Benson gives welcome to Free State
|Title:||Benson gives welcome to Free State|
|Publication:||Nashua Telegraph (AP)|
Benson gives welcome to Free Stateby Katharine Webster The Associated Press 11/02/03
MANCHESTER Gov. Craig Benson welcomed members of the Free State Project to New Hampshire on Saturday, saying he was excited about their plans to move to the state and promote their agenda of smaller government.
"We'd love to have you," Benson told several Free Staters at the annual convention of the state Libertarian Party, held at the Highlander Inn.
"We don't have to agree on everything to make things happen. What we have to agree on is that we're going to leave things better than we found them," he said.
The Libertarian Party and the Free State Project share members and political goals: scaling back government, taxes and reliance on public schools.
Saturday marked one month since supporters of the Free State Project announced they had chosen New Hampshire as the stage for their political "revolution." They hope to move 20,000 "liberty-minded individuals" to the state to transform the political system from within.
Some of the project's 5,000 members want to decriminalize drug use and prostitution and lift restrictions on gun ownership and gambling, as well.
Benson said he disagrees with some of those goals, but agrees with the Free Staters on "the important issues."
"What we're standing for is smaller government," he told reporters after his formal remarks.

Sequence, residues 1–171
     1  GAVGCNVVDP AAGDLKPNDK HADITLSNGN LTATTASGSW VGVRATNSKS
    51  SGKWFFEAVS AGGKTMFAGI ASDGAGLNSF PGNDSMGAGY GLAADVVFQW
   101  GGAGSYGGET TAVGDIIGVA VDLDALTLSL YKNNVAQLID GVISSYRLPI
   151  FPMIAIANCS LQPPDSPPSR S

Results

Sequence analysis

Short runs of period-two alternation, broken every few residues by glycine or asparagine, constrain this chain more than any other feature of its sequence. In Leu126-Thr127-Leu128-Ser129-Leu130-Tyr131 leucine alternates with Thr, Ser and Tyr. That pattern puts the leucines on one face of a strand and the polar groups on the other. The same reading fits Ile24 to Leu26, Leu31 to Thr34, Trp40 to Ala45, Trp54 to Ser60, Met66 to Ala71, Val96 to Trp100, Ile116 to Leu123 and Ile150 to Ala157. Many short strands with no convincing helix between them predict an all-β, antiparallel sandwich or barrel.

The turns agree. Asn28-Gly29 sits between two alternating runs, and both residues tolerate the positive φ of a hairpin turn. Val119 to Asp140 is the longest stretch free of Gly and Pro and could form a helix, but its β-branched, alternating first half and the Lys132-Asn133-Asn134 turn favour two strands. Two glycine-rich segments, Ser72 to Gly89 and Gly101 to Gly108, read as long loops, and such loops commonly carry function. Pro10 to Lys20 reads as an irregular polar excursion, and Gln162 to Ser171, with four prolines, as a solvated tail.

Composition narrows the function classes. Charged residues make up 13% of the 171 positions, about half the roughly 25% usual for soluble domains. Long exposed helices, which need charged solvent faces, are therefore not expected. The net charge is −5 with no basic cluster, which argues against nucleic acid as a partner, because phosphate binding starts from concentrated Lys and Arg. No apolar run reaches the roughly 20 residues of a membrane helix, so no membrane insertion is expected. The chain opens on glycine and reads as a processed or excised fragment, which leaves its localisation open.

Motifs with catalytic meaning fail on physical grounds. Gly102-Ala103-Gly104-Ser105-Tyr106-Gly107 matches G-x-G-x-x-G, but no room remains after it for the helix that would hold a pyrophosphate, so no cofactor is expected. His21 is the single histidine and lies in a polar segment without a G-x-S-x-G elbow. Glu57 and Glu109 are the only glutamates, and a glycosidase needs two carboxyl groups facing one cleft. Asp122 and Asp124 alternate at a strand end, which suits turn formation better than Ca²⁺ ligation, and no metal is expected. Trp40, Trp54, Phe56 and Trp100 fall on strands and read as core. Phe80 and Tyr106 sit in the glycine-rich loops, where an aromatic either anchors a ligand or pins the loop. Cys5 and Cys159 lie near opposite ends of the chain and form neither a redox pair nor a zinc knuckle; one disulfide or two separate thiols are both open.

"They don't want government on their backs, in their businesses, or in their private lives."
In his speech, Benson described various initiatives he has gotten funded by private businesses, as well as two proposed amendments to the state constitution that he supports.
One, dubbed the Taxpayer Bill of Rights, would limit increases in state spending to the rate of inflation, adjusted for increases in population. It also would require a two-thirds vote of the Legislature to increase existing taxes.
Members of the New Hampshire Liberty Alliance, a new political action committee formed by members of the Free State Project living in the state, have already said they probably will support that amendment.
The other proposed constitutional amendment would give the Legislature exclusive control over state spending on education.
State Supreme Court decisions have found the state constitution includes a guarantee of public education for every child, paid for by state taxes. Those decisions led to the statewide property tax for schools.
Benson also called for putting the "passion" back into education, in part by letting students get credit for educational experiences outside classrooms.
He characterized public education standards as inflexible, based on a model of learning everything inside four walls, 180 days a year, six hours a day.
"Why do we make someone like my daughter, who's trying out for the Olympics, take gym class, too?" he said, to vigorous applause.
Kelton Baker, president of the Free State Project, presented Benson with a stuffed toy porcupine the movement's mascot after his speech.
"We're very happy and very excited about our work in the state of New Hampshire," he said. "And we're very happy to have a governor who supports us."
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